Test and Measurement (T&M) Equipment You’ll Need for a Home Laboratory
For some of us, at-home work may be an extended reality beyond 2020. You’ll need the proper tools to accomplish your goals.
One of the realities of 2021 is that many engineers are still stuck at home with all the cool gadgets and gizmos collecting dust at work. How will you remain productive in the new world we live in? How much work can you do at home? That’ll depend on your projects. You’ll need the proper tools to accomplish your goals.
The Logistics of Bringing Test and Measurement Equipment Home
Many kindergarten teachers who have led their class to create macaroni sculptures will tell you, “There is only so much crap you can make with crap.” That’s also true of tools and test equipment. If you cannot go to work, either you or your employer will have to open up your pocketbooks to bring the work home to you.
If your employer provides a stipend for the equipment, you should be able to keep it and depreciate it on your taxes. But however the equipment enters your home, you might investigate insurance options; homeowners' insurance might not be keen on replacing a $50,000 oscilloscope that you brought home from work.
For electrical engineering test equipment, I recommend the “Buy once, cry once” philosophy. Pay for quality tools that will last a decade or more. Alternatively, if your company has a less strenuous development cycle, take advantage of one of the many test equipment rental companies out there to rent the equipment you need for only the time you need it.
I work at Advanced Assembly, and my boss and I each have a Tektronix MDO3104 in our home workshops. These multifunction devices function as an oscilloscope, spectrum analyzer, function generator, multimeter, and a few other things I haven’t figured out yet. Until recently, this device was worth substantially more than my car. And that’s only because I bought a new car.
Consequently, I’m a bit more conservative with it than I probably should be, and since there is a new child in the home, it spends most of its life locked in a fire-proof safe where it does me little to no good.
What Bandwidth Do You Need?
Your scope and probe might not have adequate bandwidth to measure every signal that’s out there. For example, even a 1 GS/s oscilloscope like the MDO3104 can’t really capture a 40 ps rise time coming out of a GaN switching element.
This capture of a GaN switch has a stated rise-time of 40 ps, but the scope says it’s closer to 280 ps. But is it? Let’s turn the bandwidth down and see what the signal looks like. At 250 MHz bandwidth, it looks like a completely different signal, and the scope has a rise-time of 750 ps.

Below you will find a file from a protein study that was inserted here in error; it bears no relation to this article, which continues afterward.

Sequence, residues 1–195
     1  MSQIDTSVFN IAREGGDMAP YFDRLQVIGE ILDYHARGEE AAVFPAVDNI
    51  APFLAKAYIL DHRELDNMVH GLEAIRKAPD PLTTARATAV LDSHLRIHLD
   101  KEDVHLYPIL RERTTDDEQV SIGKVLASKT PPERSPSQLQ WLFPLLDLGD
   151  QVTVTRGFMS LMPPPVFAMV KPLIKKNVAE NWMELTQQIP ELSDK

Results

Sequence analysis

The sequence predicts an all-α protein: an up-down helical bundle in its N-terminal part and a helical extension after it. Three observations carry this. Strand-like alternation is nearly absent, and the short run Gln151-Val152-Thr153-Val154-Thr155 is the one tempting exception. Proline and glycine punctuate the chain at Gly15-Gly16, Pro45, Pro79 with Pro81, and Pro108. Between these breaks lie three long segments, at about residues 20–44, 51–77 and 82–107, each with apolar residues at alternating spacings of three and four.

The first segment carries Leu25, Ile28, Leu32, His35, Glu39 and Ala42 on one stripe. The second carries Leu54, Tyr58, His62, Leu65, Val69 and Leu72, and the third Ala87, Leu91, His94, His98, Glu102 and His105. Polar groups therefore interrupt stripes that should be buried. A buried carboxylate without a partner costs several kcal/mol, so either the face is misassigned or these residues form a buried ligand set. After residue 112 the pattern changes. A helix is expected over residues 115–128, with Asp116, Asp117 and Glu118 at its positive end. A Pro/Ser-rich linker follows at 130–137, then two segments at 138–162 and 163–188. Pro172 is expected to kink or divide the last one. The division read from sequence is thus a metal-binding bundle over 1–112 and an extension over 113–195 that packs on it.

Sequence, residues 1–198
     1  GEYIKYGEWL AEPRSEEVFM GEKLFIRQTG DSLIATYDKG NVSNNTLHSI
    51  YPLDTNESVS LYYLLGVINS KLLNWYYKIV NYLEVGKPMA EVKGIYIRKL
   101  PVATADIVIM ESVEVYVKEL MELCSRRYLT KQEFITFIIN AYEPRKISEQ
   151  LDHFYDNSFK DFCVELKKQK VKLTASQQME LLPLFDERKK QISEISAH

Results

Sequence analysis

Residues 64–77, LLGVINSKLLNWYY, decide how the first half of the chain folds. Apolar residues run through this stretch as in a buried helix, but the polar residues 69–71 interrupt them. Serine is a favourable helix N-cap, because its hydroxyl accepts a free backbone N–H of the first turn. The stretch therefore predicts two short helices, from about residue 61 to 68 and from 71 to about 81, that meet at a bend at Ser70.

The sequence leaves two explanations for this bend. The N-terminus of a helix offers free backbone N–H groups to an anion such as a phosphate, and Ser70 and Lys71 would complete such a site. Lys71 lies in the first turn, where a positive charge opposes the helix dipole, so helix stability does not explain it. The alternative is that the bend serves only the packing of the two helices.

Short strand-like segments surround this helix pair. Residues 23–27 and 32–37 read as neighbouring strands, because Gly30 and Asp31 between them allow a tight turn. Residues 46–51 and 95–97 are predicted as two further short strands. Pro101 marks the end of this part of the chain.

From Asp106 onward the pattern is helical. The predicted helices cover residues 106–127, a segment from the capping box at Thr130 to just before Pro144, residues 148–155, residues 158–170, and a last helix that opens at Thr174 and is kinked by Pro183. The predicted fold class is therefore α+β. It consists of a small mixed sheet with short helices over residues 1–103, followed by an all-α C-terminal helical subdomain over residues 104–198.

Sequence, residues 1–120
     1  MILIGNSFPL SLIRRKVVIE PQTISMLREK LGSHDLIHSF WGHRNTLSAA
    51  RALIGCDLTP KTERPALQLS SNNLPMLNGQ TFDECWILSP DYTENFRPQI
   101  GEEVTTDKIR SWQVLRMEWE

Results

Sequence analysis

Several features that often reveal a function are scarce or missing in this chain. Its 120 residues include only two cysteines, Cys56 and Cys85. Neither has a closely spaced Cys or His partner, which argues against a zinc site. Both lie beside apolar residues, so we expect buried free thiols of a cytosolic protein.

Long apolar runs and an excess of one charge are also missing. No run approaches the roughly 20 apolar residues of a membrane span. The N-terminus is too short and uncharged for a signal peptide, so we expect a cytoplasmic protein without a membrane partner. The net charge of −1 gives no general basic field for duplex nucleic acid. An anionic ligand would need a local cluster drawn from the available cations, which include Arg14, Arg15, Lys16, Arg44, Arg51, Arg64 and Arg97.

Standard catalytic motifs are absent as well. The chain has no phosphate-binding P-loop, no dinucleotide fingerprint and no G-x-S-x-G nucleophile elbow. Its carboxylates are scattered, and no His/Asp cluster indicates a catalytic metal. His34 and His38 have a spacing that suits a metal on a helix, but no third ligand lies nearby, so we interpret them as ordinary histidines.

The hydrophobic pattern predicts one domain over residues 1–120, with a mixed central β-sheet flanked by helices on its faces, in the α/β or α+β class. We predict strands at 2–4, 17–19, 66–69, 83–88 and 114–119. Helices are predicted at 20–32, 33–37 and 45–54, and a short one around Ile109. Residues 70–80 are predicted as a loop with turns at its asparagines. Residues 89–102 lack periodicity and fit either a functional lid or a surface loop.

So what am I really measuring here? The only thing I know with some modicum of certainty is that this is a fast signal. It’s beyond the scope and probes' capabilities, and my boss needs to buy me a new toy.
As a very, very general rule of thumb, divide your fastest component rise time into 0.6 to determine your needed bandwidth (I skipped steps about discussion harmonics and just included a tiny safety margin).
I have no idea why I have adopted this device as my sacred cow. It can’t even keep up with my fastest pulses, and tools are meant to be used. But I do use it when careful measurement, protocol analysis, or spectrum analysis are required and it serves its purpose well.
A year ago, it was mounted above my workbench on an articulating VESA mount. And it will return there again when there is no longer the worry of a child tugging on a test lead that’s fallen over the edge of the desk.
MDO3104 oscilloscope. Image used courtesy of Tektronix
Simple, Low-Cost Oscilloscopes Can Do the Job
Fortunately, most of the board design mistakes or soldering mistakes I make are stupid ones—a solder bridge during hand-assembly, or perhaps I have the wrong footprint for an IC. I haven’t yet miscalculated the capacitance of an I2C line, and there’s no chance, ever, that I’ve attached a UART Tx driver to a UART Tx driver on another IC, and anybody who says I did and ruined the board is a damn liar!
So 60% of my debugging needs can be met by the simplest of oscilloscopes. For board bring-up, I just need to know if there is logic low or logic high, an approximate voltage, or if a data line actually has data on it. For those purposes, the cheapest of oscilloscopes can usually do. When troubleshooting escalates to “let’s decode some packets,” the big-boy tools come out.
I’ve come to appreciate the small size and usefulness of the pocket oscilloscopes. 2-channel versions run around $100 and 4-channel versions around $200.
The DSO213 4-channel handheld mini digital oscilloscope. Image used courtesy of SainSmart